Granby Newbie - Colorado Fishing Forum

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Old 01-25-2017, 09:06 AM   #1 (permalink)
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Default Granby Newbie

I'm going to be spending a lot of time near Granby in the next 10 years and am interested in getting started ice fishing there. I have a few questions as to what I would need. 1) Are those sleds with the the pop up tops that weigh about 100 lbs (with probably another 100 lbs of gear including an auger) fairly easy to pull out on the lake or do I need a snowmobile to make that work? (I'm 62) 2) How thick does the ice get in winter? 3) Is the fishing mostly for Lake Trout?

Thanks in advance
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Old 01-25-2017, 09:12 AM   #2 (permalink)
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Originally Posted by bergwsu View Post
I'm going to be spending a lot of time near Granby in the next 10 years and am interested in getting started ice fishing there. I have a few questions as to what I would need. 1) Are those sleds with the the pop up tops that weigh about 100 lbs (with probably another 100 lbs of gear including an auger) fairly easy to pull out on the lake or do I need a snowmobile to make that work? (I'm 62) 2) How thick does the ice get in winter? 3) Is the fishing mostly for Lake Trout?

Thanks in advance
1) I think you answered your own question. No they are not easy to pull by hand, specifically if there is a lot of snow on the ground. It is very helpful to have a snowmobile or something with a motor to pull it for you. You can still make it work without a snowmobile, but you'll definitely break a sweat.

2) Ice verys per year. Usually by the end of March the ice is about 20" thinck.

3) The most targeted fish in granby is the lake trout, but the lake also has kokanee, rainbow trout and brown trout.
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Old 01-25-2017, 09:26 AM   #3 (permalink)
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Thanks, that's helpful. The snowmobile part really adds to the complications but I suspected that was true.
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Old 01-25-2017, 09:44 AM   #4 (permalink)
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You don't necessarily need a flip over shack though. You can buy a sled and a popup hub shack it will make you much more mobile without having to purchase a snowmobile.
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Old 01-25-2017, 09:50 AM   #5 (permalink)
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I'll look into that setup. If I pull a sled on top of someone's previous snowmobile tracks to avoid plowing through snow, is that a reasonable idea to make it work?
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Old 01-25-2017, 09:56 AM   #6 (permalink)
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I pulled a clam one man flip over through a foot of fresh snow a few weeks back. It was 3/4 mile each way. Way out was not too bad because the prospect of fish, but the way back was pretty miserable. I won't do that again any time soon. If theres more than 6 or so inches on top of the ice, I'm fishing within 1/4 mile of where I access the water. Also I am 28, not 62.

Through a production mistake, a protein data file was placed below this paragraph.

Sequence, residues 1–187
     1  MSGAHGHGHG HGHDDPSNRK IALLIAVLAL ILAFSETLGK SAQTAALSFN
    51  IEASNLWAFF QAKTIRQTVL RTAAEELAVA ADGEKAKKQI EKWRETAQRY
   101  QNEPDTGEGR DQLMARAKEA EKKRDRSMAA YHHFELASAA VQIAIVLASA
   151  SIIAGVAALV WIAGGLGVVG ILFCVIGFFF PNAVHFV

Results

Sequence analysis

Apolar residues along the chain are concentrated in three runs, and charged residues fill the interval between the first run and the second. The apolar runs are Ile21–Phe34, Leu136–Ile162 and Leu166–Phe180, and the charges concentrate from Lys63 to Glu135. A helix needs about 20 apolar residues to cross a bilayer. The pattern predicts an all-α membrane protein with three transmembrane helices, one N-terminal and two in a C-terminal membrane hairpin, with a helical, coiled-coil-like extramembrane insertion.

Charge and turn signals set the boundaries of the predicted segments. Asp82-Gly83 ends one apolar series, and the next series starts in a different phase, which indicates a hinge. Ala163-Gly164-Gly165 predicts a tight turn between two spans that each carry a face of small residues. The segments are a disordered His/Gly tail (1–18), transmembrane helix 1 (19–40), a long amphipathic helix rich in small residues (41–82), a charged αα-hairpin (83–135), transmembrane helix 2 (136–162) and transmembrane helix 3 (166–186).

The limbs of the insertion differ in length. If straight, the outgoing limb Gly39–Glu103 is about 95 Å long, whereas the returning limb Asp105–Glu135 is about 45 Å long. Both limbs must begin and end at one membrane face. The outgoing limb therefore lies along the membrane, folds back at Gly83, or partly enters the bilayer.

The other sled I use to pull my hub style shelter is a lot lighter. I'd recommend that if you think you'll be dragging long distances. The Flip over style are really nice though, if you want to use a shelter but also move a lot. Have not fished Granby but I assume it gets a lot of wind. Hub style shelters can definitely stand up to wind when properly anchored, but they are pretty hard to set up by yourself if its super windy.

I know this doesn't give a definitive answer, but hopefully it at least gives you some personal experience to think from.

Last edited by bradfish06; 01-25-2017 at 09:59 AM.
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Old 01-25-2017, 09:58 AM   #7 (permalink)
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I'm close in age and still pull by hand. this limits your range but still very fishable. Atv r good until deep snow. Following tracks help. I find closer areas known to catch fish. Most are friendly but a bit personel.
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Old 01-25-2017, 10:03 AM   #8 (permalink)
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All are really helpful answers, I really don't want to get the snowmobile/ATV/trailer and deal with maintaining it/storage and all that. So I thought I need some advice before I take the plunge. I'm perfectly fine with not getting too far off the beaten tracks.

Last edited by bergwsu; 01-25-2017 at 10:06 AM.
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Old 01-25-2017, 10:13 AM   #9 (permalink)
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Weight is obviously the issue, I thought a power auger was a necessity. But if I'm not drilling more than a few holes per trip, is a hand auger reasonable to consider? Or would that be a big mistake? I'm not bringing this up trying to save money, just wondering if reducing weight is more important.
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Old 01-25-2017, 10:41 AM   #10 (permalink)
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Go with a power drill conversion power auger. around 12 lbs.
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